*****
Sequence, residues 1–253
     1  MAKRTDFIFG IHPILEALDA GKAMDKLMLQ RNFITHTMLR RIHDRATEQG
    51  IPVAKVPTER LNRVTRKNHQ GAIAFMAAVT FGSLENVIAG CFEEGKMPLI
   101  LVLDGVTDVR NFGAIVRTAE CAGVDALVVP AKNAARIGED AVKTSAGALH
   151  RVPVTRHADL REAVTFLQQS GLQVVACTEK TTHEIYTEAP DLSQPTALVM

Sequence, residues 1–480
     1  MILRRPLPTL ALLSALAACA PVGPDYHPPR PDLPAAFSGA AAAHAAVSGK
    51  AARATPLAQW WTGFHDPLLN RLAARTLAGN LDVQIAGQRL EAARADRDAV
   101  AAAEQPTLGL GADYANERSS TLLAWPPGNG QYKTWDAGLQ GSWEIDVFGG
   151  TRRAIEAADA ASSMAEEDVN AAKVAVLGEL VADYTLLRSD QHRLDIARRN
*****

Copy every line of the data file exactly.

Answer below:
Sequence, residues 1–253
     1  MAKRTDFIFG IHPILEALDA GKAMDKLMLQ RNFITHTMLR RIHDRATEQG
    51  IPVAKVPTER LNRVTRKNHQ GAIAFMAAVT FGSLENVIAG CFEEGKMPLI
   101  LVLDGVTDVR NFGAIVRTAE CAGVDALVVP AKNAARIGED AVKTSAGALH
   151  RVPVTRHADL REAVTFLQQS GLQVVACTEK TTHEIYTEAP DLSQPTALVM

Sequence, residues 1–480
     1  MILRRPLPTL ALLSALAACA PVGPDYHPPR PDLPAAFSGA AAAHAAVSGK
    51  AARATPLAQW WTGFHDPLLN RLAARTLAGN LDVQIAGQRL EAARADRDAV
   101  AAAEQPTLGL GADYANERSS TLLAWPPGNG QYKTWDAGLQ GSWEIDVFGG
   151  TRRAIEAADA ASSMAEEDVN AAKVAVLGEL VADYTLLRSD QHRLDIARRN